# Sampling Distribution of the Sample Mean, x-bar

The **central limit theorem **states that if a large enough sample is taken (typically *n* > 30) then the sampling distribution of \(\bar{x}\) is approximately a normal distribution with a mean of μ and a standard deviation of \(\frac {\sigma}{\sqrt{n}}\). Since in practice we usually do not know μ or σ we estimate these by \(\bar{x}\) and \( \frac {s}{\sqrt{n}}\) respectively. In this case *s * is the estimate of σ and is the standard deviation of the sample. The expression \( \frac {s}{\sqrt{n}}\) is known as the standard error of the mean, labeled **SE(**\(\bar{x}\)**) **

Simulation: Generate 500 samples of size heights of 4 men. Assume the distribution of male heights is normal with mean *μ* = 70" and standard deviation σ = 3.0". Then find the mean of each of 500 samples of size 4.

Here are the first 10 sample means:

70.4 72.0 72.3 69.9 70.5 70.0 70.5 68.1 69.2 71.8

Theory says that the mean of ( \(\bar{x}\) ) = *μ* = **70 ** which is also the Population Mean and \(SE(\bar{x})=\frac {\sigma}{\sqrt{n}}=\frac{3}{\sqrt{4}}=1.50\)

Simulation shows: Average (500 \(\bar{x}\)'s) = **69.957 ** and SE(of 500 \(\bar{x}\)'s) = **1.496**

Change the sample size from *n* = 4 to *n* = 25 and get descriptive statistics:

** **

Theory says that the mean of ( \(\bar{x}\)) = *μ* = **70 ** which is also the Population Mean and \(SE(\bar{x})=\frac {\sigma}{\sqrt{n}}=\frac{3}{\sqrt{25}}=0.60\)

Simulation shows: Average (500 \(\bar{x}\)'s) = **69.983 **and SE(of 500 \(\bar{x}\)'s) = **0.592**

**Sampling Distribution of ****Sample Mean **\(\bar{x}\) **from a Non-Normal Population**

Simulation: Below is a Histogram of Number of Cds Owned by PSU Students. The distribution is strongly skewed to the right.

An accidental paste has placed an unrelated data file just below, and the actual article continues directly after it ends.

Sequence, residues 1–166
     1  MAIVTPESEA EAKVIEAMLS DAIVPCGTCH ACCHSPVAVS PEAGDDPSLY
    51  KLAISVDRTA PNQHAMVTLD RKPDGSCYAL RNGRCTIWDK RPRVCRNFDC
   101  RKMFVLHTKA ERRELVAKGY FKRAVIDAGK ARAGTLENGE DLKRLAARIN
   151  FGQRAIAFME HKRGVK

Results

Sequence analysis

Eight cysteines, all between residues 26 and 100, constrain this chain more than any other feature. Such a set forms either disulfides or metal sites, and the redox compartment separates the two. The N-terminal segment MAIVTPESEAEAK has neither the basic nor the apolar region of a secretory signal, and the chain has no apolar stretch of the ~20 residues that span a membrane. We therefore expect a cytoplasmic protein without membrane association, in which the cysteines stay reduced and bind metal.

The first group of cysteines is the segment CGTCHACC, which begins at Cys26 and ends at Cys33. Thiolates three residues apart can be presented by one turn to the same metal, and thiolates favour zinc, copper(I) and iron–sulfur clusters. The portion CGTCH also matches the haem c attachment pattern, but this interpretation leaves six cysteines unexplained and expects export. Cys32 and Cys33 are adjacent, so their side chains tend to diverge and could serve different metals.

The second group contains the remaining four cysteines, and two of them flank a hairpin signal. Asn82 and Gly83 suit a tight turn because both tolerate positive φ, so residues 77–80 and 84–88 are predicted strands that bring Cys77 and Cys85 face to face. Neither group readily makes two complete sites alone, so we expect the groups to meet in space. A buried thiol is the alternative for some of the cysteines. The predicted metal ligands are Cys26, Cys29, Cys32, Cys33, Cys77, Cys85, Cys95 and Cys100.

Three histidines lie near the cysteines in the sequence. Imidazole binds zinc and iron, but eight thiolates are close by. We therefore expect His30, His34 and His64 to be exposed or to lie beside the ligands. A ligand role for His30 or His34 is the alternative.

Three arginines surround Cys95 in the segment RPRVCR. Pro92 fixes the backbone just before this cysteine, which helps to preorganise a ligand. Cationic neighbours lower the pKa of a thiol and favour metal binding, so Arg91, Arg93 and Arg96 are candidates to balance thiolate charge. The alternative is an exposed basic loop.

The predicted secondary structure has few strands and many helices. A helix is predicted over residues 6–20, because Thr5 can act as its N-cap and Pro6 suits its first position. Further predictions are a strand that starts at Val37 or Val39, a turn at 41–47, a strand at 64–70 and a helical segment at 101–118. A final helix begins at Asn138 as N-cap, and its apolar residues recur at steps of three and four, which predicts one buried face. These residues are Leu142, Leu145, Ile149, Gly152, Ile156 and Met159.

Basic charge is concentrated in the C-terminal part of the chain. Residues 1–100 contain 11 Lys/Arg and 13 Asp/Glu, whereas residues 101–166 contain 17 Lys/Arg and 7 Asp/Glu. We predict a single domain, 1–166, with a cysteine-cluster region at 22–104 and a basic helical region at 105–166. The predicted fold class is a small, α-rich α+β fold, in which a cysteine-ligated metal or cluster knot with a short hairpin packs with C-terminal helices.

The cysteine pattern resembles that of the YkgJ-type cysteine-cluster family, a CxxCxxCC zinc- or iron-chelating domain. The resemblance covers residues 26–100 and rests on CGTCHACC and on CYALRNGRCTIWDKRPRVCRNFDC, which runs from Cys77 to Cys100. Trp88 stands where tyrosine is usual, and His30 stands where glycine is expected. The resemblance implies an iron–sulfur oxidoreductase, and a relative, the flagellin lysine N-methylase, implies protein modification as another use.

** **

Assume the Population Mean Number of CDs owned is *μ* = 84 and σ = 96

Let's obtain 500 samples of size 4 from this population and look at the distribution of the 500 x-bars:

Theory says that the mean of ( \(\bar{x}\)) = *μ* = **84 ** which is also the Population Mean the \(SE(\bar{x})= 48=\frac{96}{\sqrt{4}}\)

Simulation shows Average(500 \(\bar{x}\)'s) = **81.11 **and SE(500 \(\bar{x}\)'s for samples of size 4) = **45.1**

Change the sample size from *n* = 4 to *n* = 25 and get descriptive statistics and curve:

Theory says that the mean of ( \(\bar{x}\)) = *μ* = **84 ** which is also the Population Mean and the \(SE(\bar{x})=\frac {96}{\sqrt{25}}=19.2\) Simulation shows Average(500 \(\bar{x}\)'s) = 83.281 and SE(500 \(\bar{x}\)'s for samples of size 25) = 18.268. A histogram of the 500 \(\bar{x}\)'s computed from samples of size 25 is beginning to look a lot like a normal curve.

**i. The Law of Large Numbers ** says that as the sample size increases the sample mean will approach the population mean.

**ii. The Central Limit Theorem ** says that as the sample size increases the sampling distribution of \(\bar{X}\) (read x-bar) approaches the normal distribution. We see this effect here for *n* = 25. Generally, we assume that a sample size of *n* = 30 is sufficient to get an approximate normal distribution for the distribution of the sample mean.

**iii. ****The Central Limit Theorem **is important because it enables us to calculate probabilities about sample means.

Example. Find the approximate probability that the average number of CDs owned when 100 students are asked is between 70 and 90.

Solution. Since the sample size is greater than 30, we assume the sampling distribution of \(\bar{x}\) is about normal with mean *μ* = 84 and \(SE(\bar{x})=\frac{\sigma}{\sqrt{n}}=\frac{96}{\sqrt{100}}=9.6\). We are asked to find Prob( 70 < \(\bar{X}\) < 90). The z-scores for the two values are

for 90: z = (90 - 84)/ 9.6 = 0.625 and for 70: z = (70-84)/9.6 = -1.46. From tables of the normal distribution we get P( -1.46 < Z < 0.625) = .734 - .072 = .662.

Suppose the sample size was 1600 instead of 100. Then the distribution of \(\bar{x}\) would be about normal with mean 84 and standard deviation \(\frac{\sigma}{\sqrt{n}}=\frac{96}{\sqrt{1600}}= \frac{96}{40}=2.4\). From the empirical rule we know that almost all x-bars for samples of size 1600 will be in the interval 84 ± (3)(2.4) or in the interval 84 ± 7.2 or between 76.8 and 91.2. The Law of Large Numbers says that as we increase the sample size the probability that the sample mean approaches the population mean is 1.00!